Devin Pedde (from Intelligentsia, LA) was polished, smooth and confident. His signature drink also elevated the coffee experience by incorporating spontaneous fruit selections from the judges into his Belgian brewer. Unlike in the semi-finals his brewer brews without a hitch and I think his performance was a stand-out. He involves the judges and I hope that is something they embrace. Sometimes judges aren't ready for innovation or a challenge to the norm or expectations of what baristas do in competitions. And too often this minimizes the risks that baristas will take when competing. Maybe the creativity box should be re-titled "innovation". Creative gets confusing to what judges are really thinking when they score this box, but for innovation and 'creation' these finalists delivered! At the end of the 15 minutes, the evaluation is up to the judges, the coffee performance is all for them - to showcase to them our talent as a barista and our knowledge and appreciation for coffee. The more engaged the judges are the better.

Scott Lucey (Alterra Coffee, Milwaukee, WI). Cool, relaxed and with the best signature drink name I've heard - Liquid Swords. He serves a single origin espresso from Colombia. He cannot say enough about it. Well done.

Nick Griffith (Intelligentsia, LA) also served a single origin espresso. His is from Guatemala. His shots looked amazing and his sig drink was quite interesting. More involvement of the judges. I'm liking this movement. He was so polished he had a great command of the stage. Knowledgeable, well spoken and professional. All the qualities of a champion. It was a pleasure to meet him and his family.

Ryan Wilbur (Intelligentsia, LA). Pulling single origin Guatemala shots and providing great coffee information. His shots look good. His style is interesting - I can't seem to keep up with the fashion these days, I wonder if I can pull off those skinny jeans!

And finally, Michael Phillips (Intelligentsia, Chicago). His espresso was a single origin Bolivia. The most memorable performances are when the barista is dedicated, thoughtful, innovative and in control. And with killer drinks. From my perspective, Mike had all of these. He adjusted his grind for different drinks and separated his shots to provide a range of taste experiences in his signature drink. He pushed boundaries, which was cool and did it all with a balance of humility and passion. Well done!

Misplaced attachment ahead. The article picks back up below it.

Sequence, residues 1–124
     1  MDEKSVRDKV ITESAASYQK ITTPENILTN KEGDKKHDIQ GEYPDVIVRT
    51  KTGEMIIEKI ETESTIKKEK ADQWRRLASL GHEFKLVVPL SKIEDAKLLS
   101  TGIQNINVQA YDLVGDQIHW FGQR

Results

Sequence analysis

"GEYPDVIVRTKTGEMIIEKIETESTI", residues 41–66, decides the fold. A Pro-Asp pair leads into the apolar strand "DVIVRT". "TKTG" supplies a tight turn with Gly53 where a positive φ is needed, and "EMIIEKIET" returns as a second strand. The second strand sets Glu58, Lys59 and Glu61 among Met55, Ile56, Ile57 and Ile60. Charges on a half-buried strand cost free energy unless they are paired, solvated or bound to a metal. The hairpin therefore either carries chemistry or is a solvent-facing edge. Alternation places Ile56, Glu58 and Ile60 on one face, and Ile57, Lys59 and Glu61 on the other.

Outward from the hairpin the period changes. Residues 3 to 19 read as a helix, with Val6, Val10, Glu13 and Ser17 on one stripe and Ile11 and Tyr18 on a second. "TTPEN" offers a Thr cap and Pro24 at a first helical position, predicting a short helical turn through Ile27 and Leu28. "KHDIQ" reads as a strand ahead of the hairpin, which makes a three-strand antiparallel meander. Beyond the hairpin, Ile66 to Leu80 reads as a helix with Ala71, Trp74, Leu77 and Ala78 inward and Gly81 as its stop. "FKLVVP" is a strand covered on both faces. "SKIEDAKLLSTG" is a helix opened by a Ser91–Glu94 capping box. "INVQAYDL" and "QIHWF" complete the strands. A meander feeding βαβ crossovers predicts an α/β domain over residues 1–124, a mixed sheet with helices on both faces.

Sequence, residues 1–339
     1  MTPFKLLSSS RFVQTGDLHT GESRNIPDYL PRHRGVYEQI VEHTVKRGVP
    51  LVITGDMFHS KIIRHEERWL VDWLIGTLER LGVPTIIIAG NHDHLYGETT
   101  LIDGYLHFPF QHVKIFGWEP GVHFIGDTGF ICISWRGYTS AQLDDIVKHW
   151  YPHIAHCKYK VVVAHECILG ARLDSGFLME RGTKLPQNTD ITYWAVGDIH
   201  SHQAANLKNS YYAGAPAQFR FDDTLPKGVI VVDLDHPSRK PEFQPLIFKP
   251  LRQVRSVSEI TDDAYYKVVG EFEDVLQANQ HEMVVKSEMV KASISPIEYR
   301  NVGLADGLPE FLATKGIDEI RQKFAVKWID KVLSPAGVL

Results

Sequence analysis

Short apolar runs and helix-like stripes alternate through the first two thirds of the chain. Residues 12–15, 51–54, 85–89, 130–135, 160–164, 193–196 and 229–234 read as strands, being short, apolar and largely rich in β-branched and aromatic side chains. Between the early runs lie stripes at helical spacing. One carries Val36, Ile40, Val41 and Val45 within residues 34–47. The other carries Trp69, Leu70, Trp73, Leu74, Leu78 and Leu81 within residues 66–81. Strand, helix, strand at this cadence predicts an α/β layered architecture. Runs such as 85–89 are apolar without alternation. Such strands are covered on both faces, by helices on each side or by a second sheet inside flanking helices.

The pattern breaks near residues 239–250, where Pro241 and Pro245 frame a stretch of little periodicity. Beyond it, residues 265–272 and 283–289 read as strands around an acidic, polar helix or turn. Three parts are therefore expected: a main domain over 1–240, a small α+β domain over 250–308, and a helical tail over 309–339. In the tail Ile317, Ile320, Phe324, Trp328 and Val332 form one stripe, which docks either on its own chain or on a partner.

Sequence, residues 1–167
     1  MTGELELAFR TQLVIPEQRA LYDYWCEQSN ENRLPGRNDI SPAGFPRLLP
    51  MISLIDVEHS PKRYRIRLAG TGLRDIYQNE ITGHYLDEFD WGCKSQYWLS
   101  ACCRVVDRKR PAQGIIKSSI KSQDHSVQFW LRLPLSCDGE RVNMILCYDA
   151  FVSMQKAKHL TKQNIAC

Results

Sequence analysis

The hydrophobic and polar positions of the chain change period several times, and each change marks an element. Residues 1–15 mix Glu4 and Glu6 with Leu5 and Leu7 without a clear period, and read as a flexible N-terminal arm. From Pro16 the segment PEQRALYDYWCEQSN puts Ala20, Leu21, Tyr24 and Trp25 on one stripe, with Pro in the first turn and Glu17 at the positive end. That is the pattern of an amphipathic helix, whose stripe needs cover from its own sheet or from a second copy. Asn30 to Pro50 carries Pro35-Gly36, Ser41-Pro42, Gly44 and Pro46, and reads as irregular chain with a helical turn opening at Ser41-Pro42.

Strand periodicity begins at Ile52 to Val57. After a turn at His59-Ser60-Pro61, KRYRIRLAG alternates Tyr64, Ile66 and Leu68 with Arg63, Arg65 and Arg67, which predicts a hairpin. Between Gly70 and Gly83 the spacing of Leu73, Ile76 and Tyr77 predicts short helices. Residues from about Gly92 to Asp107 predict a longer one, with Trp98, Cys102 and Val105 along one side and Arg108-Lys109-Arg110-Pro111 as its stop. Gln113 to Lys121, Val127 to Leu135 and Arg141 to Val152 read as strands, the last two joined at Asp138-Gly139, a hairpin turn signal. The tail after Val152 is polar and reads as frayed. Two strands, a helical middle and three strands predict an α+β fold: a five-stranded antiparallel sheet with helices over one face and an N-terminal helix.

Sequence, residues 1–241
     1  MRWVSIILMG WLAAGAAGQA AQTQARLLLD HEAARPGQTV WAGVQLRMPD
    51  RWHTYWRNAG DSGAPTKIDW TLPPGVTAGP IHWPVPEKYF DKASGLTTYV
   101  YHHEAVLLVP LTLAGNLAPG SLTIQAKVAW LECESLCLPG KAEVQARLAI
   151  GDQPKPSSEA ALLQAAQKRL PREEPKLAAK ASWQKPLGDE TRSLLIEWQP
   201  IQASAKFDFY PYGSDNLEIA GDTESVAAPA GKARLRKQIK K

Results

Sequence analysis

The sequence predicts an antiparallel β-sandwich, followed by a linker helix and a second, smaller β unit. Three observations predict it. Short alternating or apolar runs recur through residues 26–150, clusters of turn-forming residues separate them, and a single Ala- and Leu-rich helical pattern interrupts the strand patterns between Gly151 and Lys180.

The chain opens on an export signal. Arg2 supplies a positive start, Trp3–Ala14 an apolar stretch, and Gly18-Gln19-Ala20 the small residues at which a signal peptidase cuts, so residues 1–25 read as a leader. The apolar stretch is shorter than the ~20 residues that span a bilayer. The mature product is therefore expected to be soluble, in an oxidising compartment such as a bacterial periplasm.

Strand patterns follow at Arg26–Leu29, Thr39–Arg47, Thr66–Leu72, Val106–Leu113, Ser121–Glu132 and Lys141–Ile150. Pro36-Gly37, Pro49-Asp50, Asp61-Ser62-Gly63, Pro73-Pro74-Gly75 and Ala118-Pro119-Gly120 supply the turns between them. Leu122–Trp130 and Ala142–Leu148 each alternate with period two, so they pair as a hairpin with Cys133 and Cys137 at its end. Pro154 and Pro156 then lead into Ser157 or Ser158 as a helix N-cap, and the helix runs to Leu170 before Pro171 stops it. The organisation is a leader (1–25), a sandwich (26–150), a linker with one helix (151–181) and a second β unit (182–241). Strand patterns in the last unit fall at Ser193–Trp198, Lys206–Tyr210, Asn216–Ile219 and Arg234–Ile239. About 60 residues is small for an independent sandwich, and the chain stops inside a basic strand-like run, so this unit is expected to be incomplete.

I had to get back on the road right after Mike's performance. But technology connects us like never before and news travels at the speed of light. Heading along the I-5 the text messages came in. With every announcement I tried to predict the order of the remaining finalists. I couldn't. The WBC this year is going to be better than ever. The talent in one competition room is going to be crazy! Come on; let's show the world what baristas can do.

Sammy Piccolo is a professional Barista and cafe Manager at Caffè Artigiano in Burnaby, BC, Canada. After winning the first three Canadian Barista championships in 2003 - 2005, Sammy recently came back to win the 2008 Canadian Barista Championships held in October 2008 at the Canadian Coffee & Tea Show in Montreal, and he will be representing Canada at the World Barista Championship coming up in Atlanta, USA in April 2009. You can connect with Sammy, follow his training, and ask him questions at: twitter.com/SammyPiccolo.

Article rating: 8.1
Author: Sammy Piccolo
Posted: March 20, 2009
feedback: (5) comments | read | write
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With each new Professionally Speaking feature article, you'll read the words of a professional in the coffee industry, addressing issues that matter most to other industry members. Topics will include commercial roasting, green bean buying, staffing and managing a cafe, and anything else related to the business of doing coffee.